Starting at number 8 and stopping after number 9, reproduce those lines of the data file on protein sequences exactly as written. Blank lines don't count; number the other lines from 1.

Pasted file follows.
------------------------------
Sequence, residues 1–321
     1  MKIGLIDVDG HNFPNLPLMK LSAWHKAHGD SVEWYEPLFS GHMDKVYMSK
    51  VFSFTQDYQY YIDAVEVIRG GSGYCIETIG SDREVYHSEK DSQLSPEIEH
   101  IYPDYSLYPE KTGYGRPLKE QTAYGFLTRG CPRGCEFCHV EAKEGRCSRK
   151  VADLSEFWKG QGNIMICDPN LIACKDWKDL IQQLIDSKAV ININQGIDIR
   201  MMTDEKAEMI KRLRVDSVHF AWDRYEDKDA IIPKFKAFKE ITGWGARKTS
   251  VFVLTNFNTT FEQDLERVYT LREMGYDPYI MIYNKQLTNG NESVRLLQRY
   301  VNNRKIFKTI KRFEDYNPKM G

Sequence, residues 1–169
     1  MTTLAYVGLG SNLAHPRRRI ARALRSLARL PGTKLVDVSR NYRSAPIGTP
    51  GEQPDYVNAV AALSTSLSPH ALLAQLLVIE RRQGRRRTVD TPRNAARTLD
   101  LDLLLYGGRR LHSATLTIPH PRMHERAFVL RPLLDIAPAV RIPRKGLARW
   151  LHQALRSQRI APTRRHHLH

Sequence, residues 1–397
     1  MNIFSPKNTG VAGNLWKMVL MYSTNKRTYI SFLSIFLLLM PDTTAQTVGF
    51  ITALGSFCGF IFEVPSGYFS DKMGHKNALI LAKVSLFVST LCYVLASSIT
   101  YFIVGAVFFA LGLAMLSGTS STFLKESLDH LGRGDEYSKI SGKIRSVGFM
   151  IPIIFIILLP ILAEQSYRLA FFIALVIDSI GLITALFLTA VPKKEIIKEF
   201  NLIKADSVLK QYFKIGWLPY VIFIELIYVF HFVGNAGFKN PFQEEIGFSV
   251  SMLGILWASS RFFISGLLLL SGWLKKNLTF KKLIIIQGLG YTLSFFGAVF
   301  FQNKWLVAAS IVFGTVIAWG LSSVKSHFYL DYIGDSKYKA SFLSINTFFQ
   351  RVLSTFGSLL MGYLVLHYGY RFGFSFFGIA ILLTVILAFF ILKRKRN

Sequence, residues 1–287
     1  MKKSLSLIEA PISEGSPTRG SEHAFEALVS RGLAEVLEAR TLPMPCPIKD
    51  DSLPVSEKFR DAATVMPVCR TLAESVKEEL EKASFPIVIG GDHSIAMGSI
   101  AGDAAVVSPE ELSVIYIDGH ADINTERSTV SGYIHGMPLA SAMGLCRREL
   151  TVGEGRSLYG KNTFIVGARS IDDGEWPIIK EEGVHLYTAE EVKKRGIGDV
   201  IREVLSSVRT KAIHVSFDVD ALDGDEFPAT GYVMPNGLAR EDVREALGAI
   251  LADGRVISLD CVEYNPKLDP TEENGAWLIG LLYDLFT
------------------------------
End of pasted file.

   301  VNNRKIFKTI KRFEDYNPKM G

Sequence, residues 1–169